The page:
This work will show up as a new notification display agent, not as a fork or patch to the existing GNOME notification daemon. We don’t think the client API – libnotify – needs to be changed for this experiment, though we may not display notifications sent through that API that use capabilities we are suggesting be deprecated. We will try to ensure that packages in main are appropriately tuned, and hope MOTU will identify and update key packages in universe accordingly.

Why a completely new notification display agent? We are designing it to be built with Qt on KDE, and Gtk on GNOME. The idea is to have as much code in common as we can, but still take advantage of the appropriate text display framework on Ubuntu and Kubuntu. We hope to deliver both simultaneously, and have discussed this with both Ubuntu and Kubuntu community members. At the moment, there is some disagreement about the status of the FD.o specification between GNOME and KDE, and we hope our efforts will help build a bridge there. In Ubuntu 9.04, we would likely continue to package and publish the existing notification daemon in addition, to offer both options for users that have a particular preference. In general, where we invest in experimental new work, we plan to continue to offer a standard GNOME or KDE component / package set in the archive so that people can enjoy that experience too.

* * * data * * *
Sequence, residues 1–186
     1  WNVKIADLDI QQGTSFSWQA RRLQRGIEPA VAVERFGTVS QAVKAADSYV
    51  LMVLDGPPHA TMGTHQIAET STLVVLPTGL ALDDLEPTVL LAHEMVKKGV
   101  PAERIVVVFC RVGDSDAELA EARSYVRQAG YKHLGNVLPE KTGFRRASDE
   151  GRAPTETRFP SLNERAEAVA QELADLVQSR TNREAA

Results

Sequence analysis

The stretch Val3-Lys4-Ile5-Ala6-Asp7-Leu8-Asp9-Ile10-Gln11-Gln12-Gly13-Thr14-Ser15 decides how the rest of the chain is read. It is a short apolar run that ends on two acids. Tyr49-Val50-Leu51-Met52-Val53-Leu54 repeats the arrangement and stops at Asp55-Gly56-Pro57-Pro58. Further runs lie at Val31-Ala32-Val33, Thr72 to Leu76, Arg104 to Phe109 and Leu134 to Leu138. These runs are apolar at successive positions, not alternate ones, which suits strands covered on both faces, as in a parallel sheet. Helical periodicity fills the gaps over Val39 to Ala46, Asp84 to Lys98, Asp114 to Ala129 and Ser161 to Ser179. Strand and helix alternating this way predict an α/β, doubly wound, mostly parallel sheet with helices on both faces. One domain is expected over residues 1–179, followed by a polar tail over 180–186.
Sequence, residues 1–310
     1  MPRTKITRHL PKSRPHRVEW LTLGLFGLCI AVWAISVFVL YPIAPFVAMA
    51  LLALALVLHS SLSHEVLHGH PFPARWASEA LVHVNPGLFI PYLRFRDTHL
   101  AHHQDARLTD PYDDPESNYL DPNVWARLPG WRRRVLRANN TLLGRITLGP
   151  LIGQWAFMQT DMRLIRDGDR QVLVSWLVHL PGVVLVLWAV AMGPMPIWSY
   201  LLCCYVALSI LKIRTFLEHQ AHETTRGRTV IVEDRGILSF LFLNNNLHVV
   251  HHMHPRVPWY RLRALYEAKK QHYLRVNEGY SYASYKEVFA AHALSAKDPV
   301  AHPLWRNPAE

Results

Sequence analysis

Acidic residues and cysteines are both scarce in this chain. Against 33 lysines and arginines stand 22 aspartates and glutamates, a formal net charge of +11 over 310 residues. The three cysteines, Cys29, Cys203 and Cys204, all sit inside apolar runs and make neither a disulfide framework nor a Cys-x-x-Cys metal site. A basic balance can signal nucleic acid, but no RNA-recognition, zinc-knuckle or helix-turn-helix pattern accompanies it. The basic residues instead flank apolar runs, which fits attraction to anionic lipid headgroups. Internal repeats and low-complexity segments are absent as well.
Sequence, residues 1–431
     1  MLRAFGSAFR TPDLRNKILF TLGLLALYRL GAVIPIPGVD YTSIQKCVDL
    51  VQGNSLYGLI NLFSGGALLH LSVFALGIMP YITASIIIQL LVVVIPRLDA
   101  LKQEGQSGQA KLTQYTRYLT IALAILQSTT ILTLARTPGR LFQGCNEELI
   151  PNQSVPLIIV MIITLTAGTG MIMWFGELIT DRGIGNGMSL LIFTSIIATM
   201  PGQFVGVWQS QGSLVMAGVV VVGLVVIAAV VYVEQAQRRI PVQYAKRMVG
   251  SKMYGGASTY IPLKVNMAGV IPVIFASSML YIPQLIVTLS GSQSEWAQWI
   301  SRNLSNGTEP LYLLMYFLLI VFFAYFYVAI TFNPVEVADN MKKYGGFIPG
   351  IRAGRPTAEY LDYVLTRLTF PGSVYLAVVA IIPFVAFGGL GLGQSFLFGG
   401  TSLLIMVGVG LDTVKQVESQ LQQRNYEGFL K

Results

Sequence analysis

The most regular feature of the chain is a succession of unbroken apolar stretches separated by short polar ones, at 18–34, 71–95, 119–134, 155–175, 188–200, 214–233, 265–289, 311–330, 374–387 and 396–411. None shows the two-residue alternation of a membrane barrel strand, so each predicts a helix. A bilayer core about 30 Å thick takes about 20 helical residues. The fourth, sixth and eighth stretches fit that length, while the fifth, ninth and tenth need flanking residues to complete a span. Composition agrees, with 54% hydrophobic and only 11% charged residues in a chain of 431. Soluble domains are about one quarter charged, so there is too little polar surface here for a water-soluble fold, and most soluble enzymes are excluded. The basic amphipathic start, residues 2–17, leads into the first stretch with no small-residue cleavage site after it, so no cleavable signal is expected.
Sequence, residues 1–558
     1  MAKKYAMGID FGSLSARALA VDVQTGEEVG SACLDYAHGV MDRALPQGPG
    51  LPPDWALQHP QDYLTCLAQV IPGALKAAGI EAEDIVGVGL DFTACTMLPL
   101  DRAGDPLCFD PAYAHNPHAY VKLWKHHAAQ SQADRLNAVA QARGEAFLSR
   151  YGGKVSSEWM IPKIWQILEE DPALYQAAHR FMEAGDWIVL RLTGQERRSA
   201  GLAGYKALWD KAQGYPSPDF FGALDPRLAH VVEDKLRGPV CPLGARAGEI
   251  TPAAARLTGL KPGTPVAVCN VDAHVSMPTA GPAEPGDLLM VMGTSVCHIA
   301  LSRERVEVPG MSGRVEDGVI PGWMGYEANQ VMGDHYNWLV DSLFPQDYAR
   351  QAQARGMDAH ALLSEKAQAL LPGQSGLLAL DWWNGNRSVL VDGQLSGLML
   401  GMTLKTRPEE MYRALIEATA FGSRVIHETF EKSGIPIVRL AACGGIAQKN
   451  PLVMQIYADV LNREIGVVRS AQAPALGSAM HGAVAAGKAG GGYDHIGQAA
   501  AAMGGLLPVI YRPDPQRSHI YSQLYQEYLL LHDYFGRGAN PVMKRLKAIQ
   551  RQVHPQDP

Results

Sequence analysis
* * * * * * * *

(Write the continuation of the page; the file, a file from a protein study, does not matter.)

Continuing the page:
The most controversial part of the proposal is the idea that notifications should not have actions associated with them. In other words, no buttons, sliders, links, or even a dismissal [x]. When a notification pops up, you won’t be able to click on it, you won’t be able to make it go away, you won’t be able to follow it to another window, or to a web page. Are you loving this freedom? Hmmm? Madness, on the face of it, but there is method in this madness.

Our hypothesis is that the existence of ANY action creates a weighty obligation to act, or to THINK ABOUT ACTING. That make notifications turn from play into work. That makes them heavy responsibilities. That makes them an interruption, not a notification. And interruptions are a bag of hurt when you have things to do.

So, we have a three-prong line of attack.